What are new oral anticoagulants (NOACs)?
NOACs are a new type of anticoagulant medicine. There is a lower risk for bleeding with NOACs. Examples include dabigatran, rivaroxaban, apixaban, and edoxaban. You do not need routine blood tests if you take a NOAC. NOACs may be given to a person with a pulmonary embolism, DVT, atrial fibrillation, acute coronary syndrome, or to prevent a stroke or DVT.
What foods and medicines should I avoid when taking anticoagulants?
Do not start any new medicines, vitamins, or herbal supplements before you talk to your healthcare provider. Do not make changes to your diet without talking to your healthcare provider. There are many medicines, vitamins, and herbal supplements that may prevent blood thinners from working correctly. Ask your healthcare provider for a full list of foods and medicines that can prevent anticoagulants from working correctly. The following may cause severe bleeding, or prevent anticoagulants from working correctly:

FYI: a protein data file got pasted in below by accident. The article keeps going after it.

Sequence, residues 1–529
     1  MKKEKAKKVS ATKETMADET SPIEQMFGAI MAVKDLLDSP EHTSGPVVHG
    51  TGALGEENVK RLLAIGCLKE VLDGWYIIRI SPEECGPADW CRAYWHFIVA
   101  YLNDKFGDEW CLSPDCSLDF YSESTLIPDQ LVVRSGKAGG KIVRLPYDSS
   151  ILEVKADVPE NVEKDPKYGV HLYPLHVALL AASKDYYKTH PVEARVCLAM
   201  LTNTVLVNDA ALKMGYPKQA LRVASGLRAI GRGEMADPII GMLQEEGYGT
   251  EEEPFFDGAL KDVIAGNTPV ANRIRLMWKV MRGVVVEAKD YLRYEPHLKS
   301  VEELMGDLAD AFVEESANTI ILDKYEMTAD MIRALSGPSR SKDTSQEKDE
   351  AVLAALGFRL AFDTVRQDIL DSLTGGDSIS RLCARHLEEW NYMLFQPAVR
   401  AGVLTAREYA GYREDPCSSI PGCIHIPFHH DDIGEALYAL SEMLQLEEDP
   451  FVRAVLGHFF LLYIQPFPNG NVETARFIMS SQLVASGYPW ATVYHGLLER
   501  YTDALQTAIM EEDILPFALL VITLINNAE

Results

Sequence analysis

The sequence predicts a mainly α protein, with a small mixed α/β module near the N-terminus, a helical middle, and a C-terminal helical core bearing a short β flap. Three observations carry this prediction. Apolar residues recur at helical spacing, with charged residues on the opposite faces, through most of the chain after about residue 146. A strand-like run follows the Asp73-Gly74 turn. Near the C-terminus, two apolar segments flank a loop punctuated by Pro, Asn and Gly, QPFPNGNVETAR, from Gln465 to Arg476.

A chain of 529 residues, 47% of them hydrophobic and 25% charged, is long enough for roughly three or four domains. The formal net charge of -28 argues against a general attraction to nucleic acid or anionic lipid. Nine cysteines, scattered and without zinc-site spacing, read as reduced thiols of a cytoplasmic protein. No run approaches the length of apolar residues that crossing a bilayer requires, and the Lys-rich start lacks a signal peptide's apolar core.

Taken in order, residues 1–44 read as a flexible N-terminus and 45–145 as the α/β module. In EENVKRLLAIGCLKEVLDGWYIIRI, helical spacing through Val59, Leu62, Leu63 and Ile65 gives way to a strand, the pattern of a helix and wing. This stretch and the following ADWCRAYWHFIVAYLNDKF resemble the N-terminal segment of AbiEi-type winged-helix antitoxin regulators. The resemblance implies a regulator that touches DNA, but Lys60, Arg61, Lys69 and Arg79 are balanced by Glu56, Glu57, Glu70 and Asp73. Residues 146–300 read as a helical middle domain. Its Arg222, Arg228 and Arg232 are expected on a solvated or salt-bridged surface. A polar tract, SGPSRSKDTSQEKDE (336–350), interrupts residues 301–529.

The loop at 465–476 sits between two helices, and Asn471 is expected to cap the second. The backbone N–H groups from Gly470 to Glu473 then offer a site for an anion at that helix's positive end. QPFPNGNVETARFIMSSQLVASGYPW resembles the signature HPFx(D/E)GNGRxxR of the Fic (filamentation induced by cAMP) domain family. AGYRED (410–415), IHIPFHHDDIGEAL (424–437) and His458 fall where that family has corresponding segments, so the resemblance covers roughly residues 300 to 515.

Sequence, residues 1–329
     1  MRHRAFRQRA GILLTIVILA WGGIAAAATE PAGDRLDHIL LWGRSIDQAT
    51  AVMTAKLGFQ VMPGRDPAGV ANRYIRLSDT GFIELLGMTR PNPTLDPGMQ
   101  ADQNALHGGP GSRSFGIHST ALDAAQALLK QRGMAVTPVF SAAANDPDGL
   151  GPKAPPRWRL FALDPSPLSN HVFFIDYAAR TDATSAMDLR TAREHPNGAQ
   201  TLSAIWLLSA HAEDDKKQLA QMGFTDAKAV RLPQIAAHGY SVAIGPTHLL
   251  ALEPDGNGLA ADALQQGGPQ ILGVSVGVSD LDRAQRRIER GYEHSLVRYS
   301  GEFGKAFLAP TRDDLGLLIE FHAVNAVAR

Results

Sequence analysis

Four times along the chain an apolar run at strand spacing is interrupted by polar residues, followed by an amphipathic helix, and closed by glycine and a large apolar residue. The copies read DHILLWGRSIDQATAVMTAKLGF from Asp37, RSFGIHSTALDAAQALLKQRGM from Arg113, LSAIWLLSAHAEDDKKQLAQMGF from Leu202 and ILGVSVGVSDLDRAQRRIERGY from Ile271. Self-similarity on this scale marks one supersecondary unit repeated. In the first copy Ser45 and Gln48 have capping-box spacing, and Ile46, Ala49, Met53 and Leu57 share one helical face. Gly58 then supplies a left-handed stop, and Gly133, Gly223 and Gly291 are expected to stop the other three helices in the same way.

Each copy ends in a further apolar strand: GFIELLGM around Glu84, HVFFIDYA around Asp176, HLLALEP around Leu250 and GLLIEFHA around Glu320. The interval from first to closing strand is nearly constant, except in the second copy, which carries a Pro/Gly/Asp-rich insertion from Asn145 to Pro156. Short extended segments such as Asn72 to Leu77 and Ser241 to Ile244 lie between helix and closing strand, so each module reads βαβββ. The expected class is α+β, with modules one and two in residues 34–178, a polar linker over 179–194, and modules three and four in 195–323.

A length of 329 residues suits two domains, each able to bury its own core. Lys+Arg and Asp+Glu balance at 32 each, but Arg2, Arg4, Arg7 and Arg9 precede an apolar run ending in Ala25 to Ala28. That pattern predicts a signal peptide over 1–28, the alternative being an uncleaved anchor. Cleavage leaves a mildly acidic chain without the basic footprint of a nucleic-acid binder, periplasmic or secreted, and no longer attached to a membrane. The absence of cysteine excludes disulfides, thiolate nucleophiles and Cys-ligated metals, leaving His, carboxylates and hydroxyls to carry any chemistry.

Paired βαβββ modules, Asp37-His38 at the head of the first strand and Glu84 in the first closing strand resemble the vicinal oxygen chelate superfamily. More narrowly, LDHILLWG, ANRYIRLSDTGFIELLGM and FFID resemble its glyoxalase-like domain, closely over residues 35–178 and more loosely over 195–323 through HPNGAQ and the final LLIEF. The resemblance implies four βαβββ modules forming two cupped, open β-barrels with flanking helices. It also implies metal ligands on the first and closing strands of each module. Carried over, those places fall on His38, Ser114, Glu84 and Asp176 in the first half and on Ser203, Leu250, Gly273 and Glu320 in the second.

- Alcohol may increase your risk for bleeding when taken with anticoagulants. Do not drink alcohol unless your healthcare provider says it is okay.
- Changes in your regular vitamin K intake can prevent anticoagulants, such as warfarin, from working correctly. Anticoagulants work best if you eat the same amount of vitamin K every day. Some foods that contain vitamin K include spinach, kale, broccoli, romaine lettuce, collard greens, and kiwi. Ask your healthcare provider for more information about foods that contain vitamin K.
- NSAIDs may increase your risk for bleeding. Examples include ibuprofen, aspirin, and naproxen. Do not take these medicines unless your healthcare provider says it is okay.
- Some antibiotics may increase your risk for bleeding. Talk to your healthcare provider before you take antibiotics.